The James Bay and Northern Québec Agreement
The JBNQA was signed on November 11, 1975 by the Government of Québec, the Government of Canada, Hydro-Québec, the Grand Council of the Crees of Québec and the Northern Québec Inuit Association. Described by many as the “first modern treaty”, the JBNQA created a new legal and, eventually, constitutional framework for, among other things, local self-governance, land management, protection of the traditional Cree way of life as well as for the relationship between Québec and the Indigenous peoples of the James Bay and Northern Québec region. It was the foundation on which Crees laid over 80 subsequent agreements, regarding self-governance of communities and territory.
The Paix des Braves
The Paix des Braves was signed on February 7, 2002, to recognize and affirm that development taking place on traditional lands required explicit consent and involvement of the Crees. They were no longer bystanders to the land’s potential, but the main actors with the capacity to provide opportunity to their people. The agreement not only established a new relationship between the Cree and Quebec, but it also opened the way to a true partnership in governance and development in Eeyou Istchee, fulfilling the Cree vision of bringing benefits home to families and communities.
La Grande Alliance
The concept of La Grande Alliance has been featured at many meetings of the Grand Council of the Crees, where it is now a standing agenda item in every meeting. The excerpts presented below show that the ideas behind the program have been discussed for several years. Note that the excerpts are summaries translated to English from Cree. Original recordings are available in the links.
Grand Council, December 11, 2018
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The Grand Chief met with newly elected Premier François Legault, where he mentioned that the Cree Nation would like to be considered able to contribute to the economy. They also discussed the lack of transportation infrastructure and the need for the Cree and Quebec to address infrastructure together and explore how the Cree can become owners of infrastructure with the possible assistance of the Federal Government to finance the initiative. A Chief stated that he liked the idea that the Cree own infrastructure. He believes that the Cree could take the lead in developing and owning the infrastructure associated with natural resource development instead of just being observers.
Grand Council, January 22, 2019
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The Grand Chief reports that he has the commitment of Premier Legault to assist in activating the Cree Development Corporation to get involved in or instigate major projects. He stated right now it is outside financiers who decide what happens in Eeyou Istchee and the Cree are treated as observers and this has to change. The Grand Chief explained that while the Cree Nation had no appetite for further hydro-electric development, that did not mean that the Cree Nation was against development generally.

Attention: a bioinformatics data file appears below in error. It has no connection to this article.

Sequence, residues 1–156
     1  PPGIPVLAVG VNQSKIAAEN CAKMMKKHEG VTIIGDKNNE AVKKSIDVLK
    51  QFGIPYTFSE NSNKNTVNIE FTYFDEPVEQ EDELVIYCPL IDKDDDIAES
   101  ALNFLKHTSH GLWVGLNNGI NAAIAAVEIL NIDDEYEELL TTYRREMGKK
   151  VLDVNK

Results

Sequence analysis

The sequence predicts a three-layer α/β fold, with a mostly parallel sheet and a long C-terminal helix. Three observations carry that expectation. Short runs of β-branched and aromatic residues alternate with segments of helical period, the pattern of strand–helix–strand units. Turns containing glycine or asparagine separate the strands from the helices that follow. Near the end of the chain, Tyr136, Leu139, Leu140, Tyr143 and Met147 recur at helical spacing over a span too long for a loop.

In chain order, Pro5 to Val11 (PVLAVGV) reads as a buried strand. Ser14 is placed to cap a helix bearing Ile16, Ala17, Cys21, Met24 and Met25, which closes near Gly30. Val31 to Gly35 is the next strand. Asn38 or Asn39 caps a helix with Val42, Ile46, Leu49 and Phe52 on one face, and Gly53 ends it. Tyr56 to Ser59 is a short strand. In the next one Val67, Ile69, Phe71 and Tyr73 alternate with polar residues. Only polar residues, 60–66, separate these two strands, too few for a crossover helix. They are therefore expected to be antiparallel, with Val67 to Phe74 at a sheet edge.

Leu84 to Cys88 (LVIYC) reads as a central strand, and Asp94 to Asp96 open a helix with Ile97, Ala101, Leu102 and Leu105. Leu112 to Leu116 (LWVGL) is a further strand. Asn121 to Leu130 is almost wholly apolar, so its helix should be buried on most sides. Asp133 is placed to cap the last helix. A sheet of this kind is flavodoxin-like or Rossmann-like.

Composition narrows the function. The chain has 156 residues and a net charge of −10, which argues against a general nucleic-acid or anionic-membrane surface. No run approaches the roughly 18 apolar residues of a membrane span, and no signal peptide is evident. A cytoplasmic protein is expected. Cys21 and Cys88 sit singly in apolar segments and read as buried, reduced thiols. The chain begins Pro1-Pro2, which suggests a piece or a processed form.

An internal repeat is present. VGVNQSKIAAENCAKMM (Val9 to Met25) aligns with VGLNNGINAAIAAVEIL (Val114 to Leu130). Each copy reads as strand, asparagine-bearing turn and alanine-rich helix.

Grand Council, March 26, 2019
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For the first time, a Cree Quebec Infrastructure Program is mentioned. It would be the next step after the “Paix des Braves” Agreement. The Grand Chief explained that the Cree understand better than anyone the potential and challenges of the territory yet are always put in a position to react to projects. Regarding mining transport, he stated that we can take two approaches, do nothing, stand on the side of the road and be covered in dust or we can have a say to make that development is coordinated, integrated and takes us into consideration. The Grand Chief explained it is time to consider that the Cree own or develop infrastructure like rail systems and that there are Federal funds specifically designated to assist First Nations play a leading role in infrastructure development.
Some Chiefs present at the meeting expressed agreement that the Cree Nation needed to behave like a Nation when managing or planning the development of our resources. Others expressed concern on the urgency of paving the roads before mining traffic starts, on the impact that rail transport would have on trucking jobs for Crees and on the need to assess development’s impact on traditional activity.
Grand Council, May 28, 2019
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It was reported that attempts are being made to have a holistic approach to development in Eeyou Istchee instead of development having in a piece meal way causing chaos and confusion in the territory. It was explained that it is very hard for communities to ensure they benefit or care for the land and wildlife when development seems so uncoordinated. The issue of mining development and how currently it feels like communities get information too late on what is happening on the territory and then we are stuck having to react has been raised. A Chief stated that it was important that people and governments know what the capacity is so that Crees can benefit from all forms of development not just mining through Impact-benefits Agreements.
Grand Council, July 30, 2019
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The Grand Chief explained that lithium mining development has a very high demand but no plan for extracting it responsibly, and could represent hundreds of trucks per day disrupting the territory. The Grand Chief explained that if transport is not addressed, existing roads will be destroyed if there is not a coordinated transportation plan. He also explained that transport infrastructure will trigger development and that we must make sure that we do not allow transportation infrastructure to interfere with our protected area plans. The specific situation of Whapmagoostui was addressed, and a Chief stated that long term sustainable transportation infrastructure is needed for Whapmagoostui and until this is addressed, issues like housing will always be a problem. Eastmain began with a winter road and we should consider a similar approach for Whapmagoostui.
Annual General Assembly, August 7, 2019
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The Grand Chief explains that attempts will be made to establish a Memorandum of Understanding with Quebec so that the Cree can play a leading role in infrastructure development. The Grand Chief delivered a presentation on infrastructure in Eeyou Istchee. The following issues were raised by Chiefs and other participants:
- The damage that will happen to the James Bay Highway should the transport issue not be addressed.